Zoology in Munich
The ZSM building in Obermenzing has 26 storerooms with 5,100 square metres of storage space on two floors and 70 other rooms such as laboratories, workrooms, workshops, etc. There is a special focus on economical energy consumption, so the building was equipped with a heat pump from the very beginning.
The comprehensive insect collections of the ZSM are divided into of six sections under the care of the respective curators: Beetles (Coleoptera), Diptera, Hemiptera, Hymenoptera, Butterflies (Lepidoptera) and Insecta varia.
12 million butterflies
The ZSM collection of butterflies and moths actually includes about 12,000,000 specimens, representing far more than 130,000 species, stored in more than 80,000 drawers.
GBOL III: Dark Taxa
The national DNA barcoding project "German Barcode of Life" at the ZSM is in its third term called "GBOL III: Dark Taxa". The ZSM is cooperating with research museums in Bonn and Stuttgart, as well as the University of Würzburg and the Entomological Society of Krefeld. With the help of DNA barcodes , previously unknown species, so-called "dark taxa", are now to be specifically tracked down in our native fauna.
The invertebrate collections at the ZSM are divided into three sections and are looked after by the respective curators. In addition to the molluscs (Mollusca), these are the arthropods (Arthropoda varia) and the other invertebrates (Evertebrata varia), especially cnidarians (Cnidaria) and echinoderms (Echinodermata).
The molluscan collection houses an estimated 400,000 samples with approx. 2 million specimens collected from anywhere in the world during 200 years. Most samples refer to dry shells, but there is a rapidly growing “wet collection” of scientifically especially valuable, entire specimens stored in ethanol as well.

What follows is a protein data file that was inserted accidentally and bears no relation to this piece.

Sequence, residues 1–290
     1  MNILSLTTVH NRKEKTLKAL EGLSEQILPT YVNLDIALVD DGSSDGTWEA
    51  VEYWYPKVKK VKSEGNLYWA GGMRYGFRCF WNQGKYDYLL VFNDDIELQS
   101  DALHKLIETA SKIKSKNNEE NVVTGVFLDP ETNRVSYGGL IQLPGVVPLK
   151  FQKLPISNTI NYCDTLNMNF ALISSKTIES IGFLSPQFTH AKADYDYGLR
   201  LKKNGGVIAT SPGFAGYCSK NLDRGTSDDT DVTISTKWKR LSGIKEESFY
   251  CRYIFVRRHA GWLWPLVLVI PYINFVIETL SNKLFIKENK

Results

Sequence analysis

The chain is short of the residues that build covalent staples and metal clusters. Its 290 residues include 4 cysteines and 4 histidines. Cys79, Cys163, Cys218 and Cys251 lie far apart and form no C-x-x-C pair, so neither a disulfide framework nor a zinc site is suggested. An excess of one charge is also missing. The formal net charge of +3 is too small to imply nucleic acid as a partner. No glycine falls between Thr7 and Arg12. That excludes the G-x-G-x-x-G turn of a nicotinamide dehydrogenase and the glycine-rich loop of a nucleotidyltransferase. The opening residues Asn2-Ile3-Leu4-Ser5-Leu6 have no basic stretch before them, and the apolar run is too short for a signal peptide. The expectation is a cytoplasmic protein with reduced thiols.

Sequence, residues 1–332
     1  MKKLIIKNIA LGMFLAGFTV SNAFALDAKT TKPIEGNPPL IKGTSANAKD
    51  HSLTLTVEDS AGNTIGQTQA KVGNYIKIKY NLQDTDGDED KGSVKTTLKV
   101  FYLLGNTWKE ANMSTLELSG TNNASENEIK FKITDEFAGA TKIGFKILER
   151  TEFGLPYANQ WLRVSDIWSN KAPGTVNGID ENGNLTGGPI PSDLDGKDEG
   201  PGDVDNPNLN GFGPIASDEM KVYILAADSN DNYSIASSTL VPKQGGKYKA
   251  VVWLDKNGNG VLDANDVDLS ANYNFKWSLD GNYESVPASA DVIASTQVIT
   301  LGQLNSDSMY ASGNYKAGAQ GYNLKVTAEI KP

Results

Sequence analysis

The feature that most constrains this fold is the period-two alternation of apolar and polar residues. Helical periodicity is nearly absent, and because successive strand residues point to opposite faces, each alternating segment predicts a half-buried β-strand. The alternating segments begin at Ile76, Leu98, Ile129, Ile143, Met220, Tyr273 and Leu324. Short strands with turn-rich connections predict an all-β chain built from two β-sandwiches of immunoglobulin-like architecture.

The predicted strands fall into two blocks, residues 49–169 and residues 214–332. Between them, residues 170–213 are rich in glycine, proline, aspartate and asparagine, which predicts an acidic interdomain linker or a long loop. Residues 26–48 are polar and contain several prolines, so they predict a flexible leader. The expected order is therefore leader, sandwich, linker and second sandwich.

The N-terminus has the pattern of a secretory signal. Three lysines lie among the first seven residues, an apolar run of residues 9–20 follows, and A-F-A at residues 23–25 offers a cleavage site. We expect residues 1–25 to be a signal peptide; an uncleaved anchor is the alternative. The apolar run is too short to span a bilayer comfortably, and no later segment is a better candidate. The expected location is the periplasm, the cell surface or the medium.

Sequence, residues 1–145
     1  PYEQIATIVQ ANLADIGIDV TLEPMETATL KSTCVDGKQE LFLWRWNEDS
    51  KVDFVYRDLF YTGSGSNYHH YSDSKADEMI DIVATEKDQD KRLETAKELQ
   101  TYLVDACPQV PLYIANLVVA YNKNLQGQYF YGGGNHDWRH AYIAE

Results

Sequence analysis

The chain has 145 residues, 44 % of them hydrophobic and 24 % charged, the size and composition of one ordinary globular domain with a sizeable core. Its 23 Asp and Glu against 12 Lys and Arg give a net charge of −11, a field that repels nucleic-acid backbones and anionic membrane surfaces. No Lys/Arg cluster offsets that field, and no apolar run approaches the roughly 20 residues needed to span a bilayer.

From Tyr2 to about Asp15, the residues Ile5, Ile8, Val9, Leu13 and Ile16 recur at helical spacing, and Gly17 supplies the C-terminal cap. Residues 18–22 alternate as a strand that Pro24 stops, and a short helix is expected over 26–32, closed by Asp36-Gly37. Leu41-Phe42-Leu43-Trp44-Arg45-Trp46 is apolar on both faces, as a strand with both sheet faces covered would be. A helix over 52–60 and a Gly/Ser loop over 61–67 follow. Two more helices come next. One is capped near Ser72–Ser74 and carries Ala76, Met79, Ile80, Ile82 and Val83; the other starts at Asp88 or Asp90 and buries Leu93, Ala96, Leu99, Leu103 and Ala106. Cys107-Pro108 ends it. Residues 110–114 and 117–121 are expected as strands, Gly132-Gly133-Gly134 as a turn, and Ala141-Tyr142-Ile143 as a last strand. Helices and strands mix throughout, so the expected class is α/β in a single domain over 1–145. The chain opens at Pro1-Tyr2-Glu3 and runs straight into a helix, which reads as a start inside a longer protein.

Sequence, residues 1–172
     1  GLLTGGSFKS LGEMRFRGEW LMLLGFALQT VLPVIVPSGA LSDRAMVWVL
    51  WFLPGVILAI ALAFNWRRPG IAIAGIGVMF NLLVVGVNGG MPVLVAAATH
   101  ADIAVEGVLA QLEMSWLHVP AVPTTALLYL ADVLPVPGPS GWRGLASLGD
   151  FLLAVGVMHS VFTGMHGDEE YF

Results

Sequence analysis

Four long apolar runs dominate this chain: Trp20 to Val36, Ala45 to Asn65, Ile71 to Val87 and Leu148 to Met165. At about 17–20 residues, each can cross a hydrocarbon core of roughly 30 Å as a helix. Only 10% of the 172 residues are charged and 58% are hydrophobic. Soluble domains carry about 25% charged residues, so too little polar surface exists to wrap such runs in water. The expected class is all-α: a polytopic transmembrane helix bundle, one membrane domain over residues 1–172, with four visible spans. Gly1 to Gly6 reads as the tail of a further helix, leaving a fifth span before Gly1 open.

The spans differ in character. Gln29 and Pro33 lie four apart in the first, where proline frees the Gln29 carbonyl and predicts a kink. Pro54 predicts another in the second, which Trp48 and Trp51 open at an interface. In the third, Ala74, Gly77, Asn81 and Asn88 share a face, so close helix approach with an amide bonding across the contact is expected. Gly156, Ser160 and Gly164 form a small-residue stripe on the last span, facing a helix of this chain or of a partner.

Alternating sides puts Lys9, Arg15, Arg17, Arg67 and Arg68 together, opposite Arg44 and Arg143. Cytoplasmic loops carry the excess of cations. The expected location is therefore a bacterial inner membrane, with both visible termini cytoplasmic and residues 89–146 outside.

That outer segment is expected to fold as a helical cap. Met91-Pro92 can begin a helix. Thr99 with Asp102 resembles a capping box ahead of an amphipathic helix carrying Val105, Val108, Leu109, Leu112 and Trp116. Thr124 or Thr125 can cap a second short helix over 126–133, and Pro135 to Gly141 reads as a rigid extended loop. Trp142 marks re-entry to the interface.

The ZSM also has extensive, historical vertebrate collections. Four sections, Reptiles & Amphibians (Herpetology), Fishes (Ichthyology), Mammals (Mammalogy) and Birds (Ornithology) are looked after by the respective curators.
Italian snake species in Bavaria
Even among Bavarian reptiles, researchers sometimes find something new, like this previously overlooked snake species - a special form of the "Barrenringelnatter" that was previously only known from the Southern Alps. A population of this genetic line apparently crossed the Alps after the last ice age.
Bavarian State Collection for Zoology
The Bavarian State Collection for Zoology (ZSM) includes almost 22 million zoological objects and is therefore one of the largest natural history collections in the world. Many of the specimens have been collected by staff or other collectors during the 200 years history of the ZSM. We aim to protect the enormous biological information associated with each zoological object and make this data available to the scientific and general public.